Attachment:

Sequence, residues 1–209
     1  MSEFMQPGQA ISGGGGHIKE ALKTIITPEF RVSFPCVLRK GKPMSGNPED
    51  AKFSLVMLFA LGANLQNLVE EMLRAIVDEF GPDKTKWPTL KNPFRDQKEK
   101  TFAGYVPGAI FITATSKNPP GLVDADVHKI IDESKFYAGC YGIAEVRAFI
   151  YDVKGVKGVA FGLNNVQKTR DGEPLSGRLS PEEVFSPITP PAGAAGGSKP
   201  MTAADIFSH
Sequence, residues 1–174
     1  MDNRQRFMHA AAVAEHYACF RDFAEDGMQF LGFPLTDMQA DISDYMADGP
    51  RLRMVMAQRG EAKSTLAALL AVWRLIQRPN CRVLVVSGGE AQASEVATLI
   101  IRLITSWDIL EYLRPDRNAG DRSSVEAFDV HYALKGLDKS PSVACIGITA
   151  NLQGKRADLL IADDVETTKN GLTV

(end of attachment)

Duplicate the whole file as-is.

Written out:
Sequence, residues 1–209
     1  MSEFMQPGQA ISGGGGHIKE ALKTIITPEF RVSFPCVLRK GKPMSGNPED
    51  AKFSLVMLFA LGANLQNLVE EMLRAIVDEF GPDKTKWPTL KNPFRDQKEK
   101  TFAGYVPGAI FITATSKNPP GLVDADVHKI IDESKFYAGC YGIAEVRAFI
   151  YDVKGVKGVA FGLNNVQKTR DGEPLSGRLS PEEVFSPITP PAGAAGGSKP
   201  MTAADIFSH
Sequence, residues 1–174
     1  MDNRQRFMHA AAVAEHYACF RDFAEDGMQF LGFPLTDMQA DISDYMADGP
    51  RLRMVMAQRG EAKSTLAALL AVWRLIQRPN CRVLVVSGGE AQASEVATLI
   101  IRLITSWDIL EYLRPDRNAG DRSSVEAFDV HYALKGLDKS PSVACIGITA
   151  NLQGKRADLL IADDVETTKN GLTV